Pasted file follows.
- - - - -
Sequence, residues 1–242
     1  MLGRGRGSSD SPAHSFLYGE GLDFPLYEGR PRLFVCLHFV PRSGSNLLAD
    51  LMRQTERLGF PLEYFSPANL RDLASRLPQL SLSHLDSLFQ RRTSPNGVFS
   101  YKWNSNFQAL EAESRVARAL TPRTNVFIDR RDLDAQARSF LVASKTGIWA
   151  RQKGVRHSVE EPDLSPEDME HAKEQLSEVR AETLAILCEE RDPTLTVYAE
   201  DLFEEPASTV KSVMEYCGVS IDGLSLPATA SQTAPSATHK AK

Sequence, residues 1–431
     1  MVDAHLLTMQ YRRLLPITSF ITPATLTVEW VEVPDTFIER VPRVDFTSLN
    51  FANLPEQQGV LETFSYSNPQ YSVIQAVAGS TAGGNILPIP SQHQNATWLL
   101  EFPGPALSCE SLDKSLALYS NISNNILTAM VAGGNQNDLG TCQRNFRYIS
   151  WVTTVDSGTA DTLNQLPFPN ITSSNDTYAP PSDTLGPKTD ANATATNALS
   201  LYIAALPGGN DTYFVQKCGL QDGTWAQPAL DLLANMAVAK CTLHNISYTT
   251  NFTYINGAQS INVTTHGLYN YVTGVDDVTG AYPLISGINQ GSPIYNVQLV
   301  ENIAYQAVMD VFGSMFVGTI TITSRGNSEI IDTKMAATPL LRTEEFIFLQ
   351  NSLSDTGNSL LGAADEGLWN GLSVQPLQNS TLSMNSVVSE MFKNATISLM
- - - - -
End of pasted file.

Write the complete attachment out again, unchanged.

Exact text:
Sequence, residues 1–242
     1  MLGRGRGSSD SPAHSFLYGE GLDFPLYEGR PRLFVCLHFV PRSGSNLLAD
    51  LMRQTERLGF PLEYFSPANL RDLASRLPQL SLSHLDSLFQ RRTSPNGVFS
   101  YKWNSNFQAL EAESRVARAL TPRTNVFIDR RDLDAQARSF LVASKTGIWA
   151  RQKGVRHSVE EPDLSPEDME HAKEQLSEVR AETLAILCEE RDPTLTVYAE
   201  DLFEEPASTV KSVMEYCGVS IDGLSLPATA SQTAPSATHK AK

Sequence, residues 1–431
     1  MVDAHLLTMQ YRRLLPITSF ITPATLTVEW VEVPDTFIER VPRVDFTSLN
    51  FANLPEQQGV LETFSYSNPQ YSVIQAVAGS TAGGNILPIP SQHQNATWLL
   101  EFPGPALSCE SLDKSLALYS NISNNILTAM VAGGNQNDLG TCQRNFRYIS
   151  WVTTVDSGTA DTLNQLPFPN ITSSNDTYAP PSDTLGPKTD ANATATNALS
   201  LYIAALPGGN DTYFVQKCGL QDGTWAQPAL DLLANMAVAK CTLHNISYTT
   251  NFTYINGAQS INVTTHGLYN YVTGVDDVTG AYPLISGINQ GSPIYNVQLV
   301  ENIAYQAVMD VFGSMFVGTI TITSRGNSEI IDTKMAATPL LRTEEFIFLQ
   351  NSLSDTGNSL LGAADEGLWN GLSVQPLQNS TLSMNSVVSE MFKNATISLM